If all the drama surrounding the Frida Kahlo Barbie has you pining for a deep dive back into the artist’s real life and work, you’re in luck. Last night, Google Arts & Culture launched Faces of Frida, a collaboration between the tech giant and a worldwide network of experts and 33 partner museums in seven countries. Accessible via the Google Arts & Culture app and website, Faces of Frida is the largest collection of artworks and objects related to Kahlo ever compiled.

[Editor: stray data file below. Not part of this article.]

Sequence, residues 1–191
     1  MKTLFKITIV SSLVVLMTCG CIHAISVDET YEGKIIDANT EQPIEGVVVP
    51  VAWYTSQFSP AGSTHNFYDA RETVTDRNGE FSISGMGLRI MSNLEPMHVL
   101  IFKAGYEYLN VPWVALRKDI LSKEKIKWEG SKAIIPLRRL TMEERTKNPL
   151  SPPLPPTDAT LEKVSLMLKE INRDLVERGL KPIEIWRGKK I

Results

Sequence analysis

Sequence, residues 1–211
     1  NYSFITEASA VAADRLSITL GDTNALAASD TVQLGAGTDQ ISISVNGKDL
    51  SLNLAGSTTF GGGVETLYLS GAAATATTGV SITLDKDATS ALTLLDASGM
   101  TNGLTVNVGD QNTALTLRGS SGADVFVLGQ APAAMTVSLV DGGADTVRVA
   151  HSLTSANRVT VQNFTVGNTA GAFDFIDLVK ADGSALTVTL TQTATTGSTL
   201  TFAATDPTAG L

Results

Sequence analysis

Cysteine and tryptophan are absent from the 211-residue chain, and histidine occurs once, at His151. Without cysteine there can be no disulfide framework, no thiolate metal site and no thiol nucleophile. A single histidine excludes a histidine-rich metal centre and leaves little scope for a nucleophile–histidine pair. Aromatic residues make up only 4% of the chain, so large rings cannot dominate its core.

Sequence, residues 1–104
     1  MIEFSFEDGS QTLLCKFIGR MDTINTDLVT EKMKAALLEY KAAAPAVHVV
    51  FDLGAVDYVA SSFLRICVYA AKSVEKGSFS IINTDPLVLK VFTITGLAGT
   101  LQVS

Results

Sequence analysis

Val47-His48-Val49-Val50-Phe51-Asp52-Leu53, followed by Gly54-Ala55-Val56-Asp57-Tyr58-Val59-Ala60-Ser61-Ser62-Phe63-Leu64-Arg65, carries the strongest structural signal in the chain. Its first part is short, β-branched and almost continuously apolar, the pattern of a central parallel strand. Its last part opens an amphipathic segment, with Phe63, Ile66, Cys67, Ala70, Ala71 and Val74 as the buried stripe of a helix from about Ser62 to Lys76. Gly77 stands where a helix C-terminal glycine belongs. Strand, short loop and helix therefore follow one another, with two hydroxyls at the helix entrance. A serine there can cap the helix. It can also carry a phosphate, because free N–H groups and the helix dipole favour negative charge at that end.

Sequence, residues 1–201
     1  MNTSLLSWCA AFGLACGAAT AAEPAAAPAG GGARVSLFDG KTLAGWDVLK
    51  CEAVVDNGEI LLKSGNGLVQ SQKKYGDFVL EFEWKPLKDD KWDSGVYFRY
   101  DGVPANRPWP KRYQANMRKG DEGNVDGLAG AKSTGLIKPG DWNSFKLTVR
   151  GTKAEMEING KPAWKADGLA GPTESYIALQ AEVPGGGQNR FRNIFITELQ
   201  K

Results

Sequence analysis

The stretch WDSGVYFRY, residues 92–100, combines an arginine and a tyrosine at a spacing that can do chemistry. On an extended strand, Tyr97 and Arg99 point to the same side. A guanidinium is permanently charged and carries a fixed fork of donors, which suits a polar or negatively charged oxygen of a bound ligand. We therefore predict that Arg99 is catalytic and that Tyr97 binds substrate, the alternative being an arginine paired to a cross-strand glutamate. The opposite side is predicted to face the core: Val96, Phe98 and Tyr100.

The 800 artifacts include images of Kahlo’s work — including 20 ultra-high resolution images created by Google Arts & Culture’s Art Camera, never digitized till now — but also personal photographs, journal entries, letters, and clothing. There are drawings from private collections, like Kahlo’s 1932 “View of New York”; there are early versions of her work, sketched and etched onto the backs of finished paintings, unseen to anyone without the ability touch them; and even a photo of her husband, Diego Rivera, with the imprint in bright pink lipstick of Kahlo’s lips.